Use your age to create mile markers on the road to retirement.

Knowing the right time to retire used to be a lot easier. You worked a certain number of years and then earned the right to a wonderful retirement. However, longevity has been the game changer for some time now. Yes, the good news is you are living longer. And yes, the bad news is you are living longer. Now, with so many potential years to plan for in retirement, it is harder to determine the precise time to take this step. Unless you are forced into retirement, this is one of the most important financial decisions you might ever make. While biological age is just a number, it is also used to mark the miles on your road to retirement. Let's take a look at the key destination points.

Age 50

The age when you can take advantage of catch-up contributions (up to $5,550 in 2014), which allows you to increase the amount you can contribute to 401(k)s or other retirement accounts. How does your nest egg look? You may need an extra-disciplined approach to saving and a defined benefit plan offers that platform. An important part of your retirement savings plan can be simplified to your savings rate as a percentage of your take home pay.

Age 59½

This is the age you always see in the disclosure. It's the age when you become eligible for penalty-free distributions from qualified retirement accounts. If you make any non-qualifying withdrawals before you hit this age, you are subject to a 10% penalty. After that day, you can take out as much as you want, whenever you want. (1).

Age 62

This is the age you are eligible to collect Social Security benefits. Most think it is wise to wait as long as possible before applying, and they're right. If you do collect as early as you possibly can, the month after you turn 62, your monthly take is 25% less than if you had waited until full retirement at age 66 (2). Plus, the longer you wait to collect Social Security, the more it can also mean for a survivor benefit for your spouse.

Age 65

This is the age when you are eligible to enroll in Medicare and Medicare Part B. But remember, Medicare only pays a certain portion of your healthcare expenses. Think about this: A couple retiring this year will need approximately $250,000, on average, to cover medical expenses in retirement, according to a recent study. The research is based on projections for a couple of 65-year-olds retiring this year with Medicare coverage (3). The point is, even when you are able to leverage government programs you are eligible for, you still need a personal nest egg to help augment a comfortable retirement.

Age 66

This is the age when you may qualify for full Social Security benefits without earnings cap restrictions. It's also the age delayed retirement credits (worth 8% a year but end at age 70) start kicking in. This is a good age to consider collecting Social Security, but the longer you wait, the more you collect in the long run. Can you wait until age 70?

Age 70

If you've waited this long, you get the maximum Social Security benefit and you are also eligible for other retirement strategies. Your Social Security benefits further increase by 7 to 8 percent for each year you delay claiming, up until age 70. After this year there is no additional incentive to put off collecting your due.

Age 70½

At this age you are required to take distributions from qualified retirement accounts. Work with your financial advisor to review your distributions and ensure you have an income withdrawal plan that reflects your retirement objectives.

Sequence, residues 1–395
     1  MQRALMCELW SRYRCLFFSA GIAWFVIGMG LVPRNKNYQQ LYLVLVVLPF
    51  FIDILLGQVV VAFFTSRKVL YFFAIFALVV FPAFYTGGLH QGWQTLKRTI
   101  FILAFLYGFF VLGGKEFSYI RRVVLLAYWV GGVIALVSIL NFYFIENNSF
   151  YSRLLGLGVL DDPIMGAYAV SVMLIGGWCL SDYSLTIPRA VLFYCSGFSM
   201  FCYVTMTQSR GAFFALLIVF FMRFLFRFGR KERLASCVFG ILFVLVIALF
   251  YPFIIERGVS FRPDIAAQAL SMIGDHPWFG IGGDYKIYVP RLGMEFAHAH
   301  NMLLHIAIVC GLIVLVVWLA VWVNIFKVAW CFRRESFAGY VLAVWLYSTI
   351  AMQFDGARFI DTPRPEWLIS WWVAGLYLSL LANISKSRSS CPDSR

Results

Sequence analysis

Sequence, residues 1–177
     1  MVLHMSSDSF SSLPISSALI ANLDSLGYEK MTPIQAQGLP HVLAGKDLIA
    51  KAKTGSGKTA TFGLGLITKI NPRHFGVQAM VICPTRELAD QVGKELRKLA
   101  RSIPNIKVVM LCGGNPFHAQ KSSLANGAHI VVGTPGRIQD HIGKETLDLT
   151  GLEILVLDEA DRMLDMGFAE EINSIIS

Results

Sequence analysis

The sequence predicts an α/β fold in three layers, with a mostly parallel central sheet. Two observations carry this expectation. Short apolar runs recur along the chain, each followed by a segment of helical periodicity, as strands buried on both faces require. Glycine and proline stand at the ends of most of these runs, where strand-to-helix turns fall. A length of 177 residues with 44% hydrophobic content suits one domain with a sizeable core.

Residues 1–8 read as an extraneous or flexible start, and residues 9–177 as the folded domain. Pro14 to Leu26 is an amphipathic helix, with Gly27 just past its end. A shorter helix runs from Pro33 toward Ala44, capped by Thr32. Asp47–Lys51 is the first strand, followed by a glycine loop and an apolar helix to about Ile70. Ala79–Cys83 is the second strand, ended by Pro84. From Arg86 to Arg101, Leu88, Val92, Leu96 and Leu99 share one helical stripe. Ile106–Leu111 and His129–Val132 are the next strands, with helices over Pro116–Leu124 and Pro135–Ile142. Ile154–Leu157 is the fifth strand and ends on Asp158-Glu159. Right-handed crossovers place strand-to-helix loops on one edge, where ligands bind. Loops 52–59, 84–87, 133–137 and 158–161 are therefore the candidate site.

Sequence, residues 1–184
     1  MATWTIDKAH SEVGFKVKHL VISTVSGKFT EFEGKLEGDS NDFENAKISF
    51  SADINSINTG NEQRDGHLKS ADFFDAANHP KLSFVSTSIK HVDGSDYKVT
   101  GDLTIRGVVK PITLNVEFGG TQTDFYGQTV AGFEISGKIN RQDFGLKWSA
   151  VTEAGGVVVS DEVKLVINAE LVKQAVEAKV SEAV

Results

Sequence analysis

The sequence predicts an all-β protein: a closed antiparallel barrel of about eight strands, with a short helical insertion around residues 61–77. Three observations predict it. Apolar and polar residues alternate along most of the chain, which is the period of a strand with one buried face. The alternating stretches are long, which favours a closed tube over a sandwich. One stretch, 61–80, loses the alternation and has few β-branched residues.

Age 80+

By the time you reach age 80 and beyond, you may feel you've passed all of the important retirement mile markers, but there may well be more on the road ahead. You need to keep reviewing your retirement assets and plans for any adjustments you can make. It's also a good time to start thinking about end of life decisions, and leaving legacies. A man reaching age 65 today can expect to live, on average, until age 84.3. A woman turning age 65 today can expect to live, on average, until age 86.6. And those are just averages. About one out of every four 65-year-olds today will live past age 90, and one out of 10 will live past age 95.

While the prospect of living longer has changed the way we approach retirement, reaching certain ages is what marks the road map on this journey. And if you're feeling old, just remember what Mark Twain said:

"Age is an issue of mind over matter. If you don't mind, it doesn't matter."

Sources

  1. Guina, Ryan. "Roth IRA Withdrawal Rules - How and When You Can Access Your Funds." Cash Money Life Personal Finance Investing Career RSS. 28 Nov. 2012.
  2. Maxfield, John. "Social Security: Why Taking Benefits at 62 Is Smarter Than You Think - DailyFinance." DailyFinance.com. 31 May 2014.
  3. Study: Couples Retiring This Year May Need $250,000 for Health Care in Retirement." OregonLive.com.

This information is general in nature and should not be construed as tax or legal advice. INVEST Financial Corporation does not provide tax or legal advice. Please consult your tax and/or legal adviser for guidance on your particular situation. The information in this report has been obtained from sources considered to be reliable but we do not guarantee that the forgoing material is accurate or complete. This article is not an offer to sell or a solicitation of an offer to buy any security, and may not be reproduced or made available to other persons without the express consent of INVEST Financial CorporationINVEST Financial Corporation, member FINRA/SIPC, and its affiliated insurance agencies offer securities, advisory services and certain insurance products. 0915.120725

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